These days it feels like we are living inside a failing machine. Enter the two-room apartment of This Coming Fall, though, and you begin to see just how far things could spin out of control. Walk from one room to the next and back again. Hear each room’s voice. You will soon realize these are the voices not of some dismal future, but of a present still obscured under the noise of our daily lives. But listen closely to the dialogue between them and one starts to resemble the voice of god, the other the voice of the faithful. Listen for long enough, and you will see that it could be the same voice after all, echoing from room to room and back again.
Read my review of the first Pilotless Press project, The Mundane History of Lockwood Heights.
The Book of Men is curated (and not, curiously, edited, which is the word I thought we used, but hey, whatever) by Colum McCann. Publisher’s blurb:
To help launch the literary nonprofit Narrative 4, Esquire asked eighty of the world’s greatest writers to chip in with a story, all with the title, “How to Be a Man.”
The result is The Book of Men, an unflinching investigation into the essence of masculinity.
The Book of Men probes, with the poignant honesty and imagination that only these writers could deliver, the slippery condition of manhood. You will find men striving and searching, learning and failing to learn, triumphing and aspiring; men who are lost and men navigating their way toward redemption. These stories don’t just explore what it is to be a man or how to achieve manliness, but ultimately what it is to be a human—with all of its uncertainty, complexity, clumsiness, and beauty.
With contributions from literary luminaries as diverse as the subjects they capture, and curated by the editors of Esquire, National Book Award winner Colum McCann, and Narrative 4, a global nonprofit devoted to using storytelling as a means to empathy, The Book of Men might not teach you how to negotiate a deal or mix a Manhattan, but it does scratch at that most eternal of questions: What is a man?
Lots of shorties here. Here’s Chimamanda Ngozi Adichie’s entry:
Our Sundays always tasted like peppers that flared hot in the rice and soups and stews. We sat in the kitchen, knees fresh from pews, and watched our houseboy pounding them in pairs. He held the phallic pestle—thump thump thump—while we coughed and spluttered with watery eyes. Nobody tastes them raw, it wasn’t wise. But we did, and then we’d shout and jump to the fridge for ice.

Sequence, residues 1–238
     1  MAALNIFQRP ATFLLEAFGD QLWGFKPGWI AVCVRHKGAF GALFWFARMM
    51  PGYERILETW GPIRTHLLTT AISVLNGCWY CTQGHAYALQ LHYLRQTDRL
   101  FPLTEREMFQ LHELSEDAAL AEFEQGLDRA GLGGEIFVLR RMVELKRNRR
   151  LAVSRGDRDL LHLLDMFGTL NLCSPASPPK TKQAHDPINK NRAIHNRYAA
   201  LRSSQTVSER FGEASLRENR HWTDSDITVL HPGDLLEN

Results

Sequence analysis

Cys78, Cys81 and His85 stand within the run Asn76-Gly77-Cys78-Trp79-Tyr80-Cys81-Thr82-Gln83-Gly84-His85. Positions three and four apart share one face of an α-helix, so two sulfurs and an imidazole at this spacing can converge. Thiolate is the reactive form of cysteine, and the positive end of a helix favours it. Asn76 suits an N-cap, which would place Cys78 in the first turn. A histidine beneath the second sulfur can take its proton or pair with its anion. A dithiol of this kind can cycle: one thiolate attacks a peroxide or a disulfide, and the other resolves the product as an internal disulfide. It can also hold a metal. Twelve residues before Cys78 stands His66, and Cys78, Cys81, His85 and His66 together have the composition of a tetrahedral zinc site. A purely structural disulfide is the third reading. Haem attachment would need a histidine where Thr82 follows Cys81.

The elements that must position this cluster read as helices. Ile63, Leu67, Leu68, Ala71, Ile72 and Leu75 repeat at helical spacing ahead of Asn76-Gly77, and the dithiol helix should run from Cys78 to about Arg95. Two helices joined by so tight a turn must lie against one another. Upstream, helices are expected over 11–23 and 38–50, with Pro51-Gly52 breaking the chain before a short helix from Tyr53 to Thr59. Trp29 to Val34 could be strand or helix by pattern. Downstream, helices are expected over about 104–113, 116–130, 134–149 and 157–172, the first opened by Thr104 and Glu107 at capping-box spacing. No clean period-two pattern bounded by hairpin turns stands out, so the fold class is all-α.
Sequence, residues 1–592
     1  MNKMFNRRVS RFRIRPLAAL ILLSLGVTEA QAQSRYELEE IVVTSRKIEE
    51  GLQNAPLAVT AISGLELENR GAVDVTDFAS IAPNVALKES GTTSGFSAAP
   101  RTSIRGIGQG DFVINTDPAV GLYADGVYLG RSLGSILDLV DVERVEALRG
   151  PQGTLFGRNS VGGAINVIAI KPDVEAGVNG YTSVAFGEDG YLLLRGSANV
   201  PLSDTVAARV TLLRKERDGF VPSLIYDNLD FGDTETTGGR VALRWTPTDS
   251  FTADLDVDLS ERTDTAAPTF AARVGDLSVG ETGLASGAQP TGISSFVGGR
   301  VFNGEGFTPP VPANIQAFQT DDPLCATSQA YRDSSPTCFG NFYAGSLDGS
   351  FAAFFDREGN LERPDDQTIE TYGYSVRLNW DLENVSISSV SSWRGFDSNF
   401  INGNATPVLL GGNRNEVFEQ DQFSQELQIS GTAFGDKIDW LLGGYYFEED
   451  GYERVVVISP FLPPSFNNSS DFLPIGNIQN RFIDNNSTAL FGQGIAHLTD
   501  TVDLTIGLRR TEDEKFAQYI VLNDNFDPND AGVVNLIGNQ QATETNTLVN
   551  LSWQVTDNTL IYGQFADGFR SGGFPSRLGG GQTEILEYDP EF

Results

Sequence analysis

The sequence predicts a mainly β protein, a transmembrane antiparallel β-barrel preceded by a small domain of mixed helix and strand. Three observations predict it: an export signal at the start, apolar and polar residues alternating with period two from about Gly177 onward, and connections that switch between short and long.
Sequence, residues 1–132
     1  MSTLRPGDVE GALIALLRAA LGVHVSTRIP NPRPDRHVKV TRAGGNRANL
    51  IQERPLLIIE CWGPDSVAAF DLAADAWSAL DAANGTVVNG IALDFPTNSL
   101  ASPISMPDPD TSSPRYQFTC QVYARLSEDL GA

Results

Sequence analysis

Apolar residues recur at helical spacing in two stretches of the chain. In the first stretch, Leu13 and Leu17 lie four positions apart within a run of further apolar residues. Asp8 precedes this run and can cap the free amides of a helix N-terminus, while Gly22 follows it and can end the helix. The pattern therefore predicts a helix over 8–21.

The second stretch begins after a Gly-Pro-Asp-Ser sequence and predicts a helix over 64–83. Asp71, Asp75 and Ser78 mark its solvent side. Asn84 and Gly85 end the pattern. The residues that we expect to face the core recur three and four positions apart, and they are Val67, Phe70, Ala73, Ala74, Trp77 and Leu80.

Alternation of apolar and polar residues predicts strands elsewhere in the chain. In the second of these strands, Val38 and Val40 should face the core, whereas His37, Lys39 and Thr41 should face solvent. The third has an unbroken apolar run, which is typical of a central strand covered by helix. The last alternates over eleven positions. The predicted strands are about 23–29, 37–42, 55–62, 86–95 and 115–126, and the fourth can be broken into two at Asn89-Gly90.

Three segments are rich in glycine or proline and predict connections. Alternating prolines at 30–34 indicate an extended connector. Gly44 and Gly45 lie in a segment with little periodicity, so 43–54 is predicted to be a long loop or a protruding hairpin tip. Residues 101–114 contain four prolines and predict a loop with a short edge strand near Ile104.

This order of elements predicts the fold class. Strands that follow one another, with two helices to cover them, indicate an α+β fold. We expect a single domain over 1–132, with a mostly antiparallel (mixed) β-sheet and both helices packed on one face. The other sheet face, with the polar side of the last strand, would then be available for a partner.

My mom sang an Igbo song about strong women. It wasn’t too trite, but it told of places she didn’t know, streams, goddesses, women who couldn’t read. Women like that would squeeze peppers, I heard, and force them between their daughters’ legs—“so they’ll stop following boys.” But Eros was good for sons. No peppers to curb sons’ paths to manhood.
Things I am a fan of: Serge Gainsbourg, Darran Anderson, and the 33 1/3 series. The 33 1/3 imprint focuses on specific albums, and the results are usually far more engaging than standard biographical fare. Histoire de Melody Nelson is the series’s latest entry; here, Darran Anderson takes on Serge Gainsbourg’s dark, moody, sexy, weird album (listen to it/see it here). I still remember the first time I heard Melody, back in college. Gainsbourg’s track with a breathy, orgasmic Brigitte Bardot “Je t’aime… moi non plus” was pretty much a party standard for my friends and me, and “Bonnie & Clyde” found its way onto plenty of mixtapes in the late ’90s. These bubblegum vamps didn’t really prepare me for Melody. I remember going to a friend’s apartment; he had just bought the album and had it playing on repeat. Dark, spacious, very short and full of strange shifts, from orchestral bombast to odd moments of quiet, the album made me feel weird. Such a weird album is a worthy topic for a book, and Anderson’s entry is a marvelous description and analysis of the artistic, cultural, and philosophical sources that Gainsbourg synthesized in Melody. Check out some of Anderson’s blog entries; they provide a compelling overview of his book:
The Origins of Melody – Nabokov’s Lolita, Barbarella, Boris Vian, Sibelius, Mondo Cane.
The Avant Garde or Nothing – Gainsbourg and Vannier as innovators and a focus on their lost classics.
Initials O.G. – Serge Gainsbourg’s Hip-hop afterlife.
Connan Mockasin – Kiwi Psychedelia and the Ghost of Melody Nelson.
The book’s blurb:
Outside his native France, the view of Serge Gainsbourg was once of a one-hit wonder lothario. This has been slowly replaced by an awareness of how talented and innovative a songwriter he was. Gainsbourg was an eclectic, protean figure; a Dadaist, poète maudit, Pop-Artist, libertine and anti-hero. An icon and iconoclast.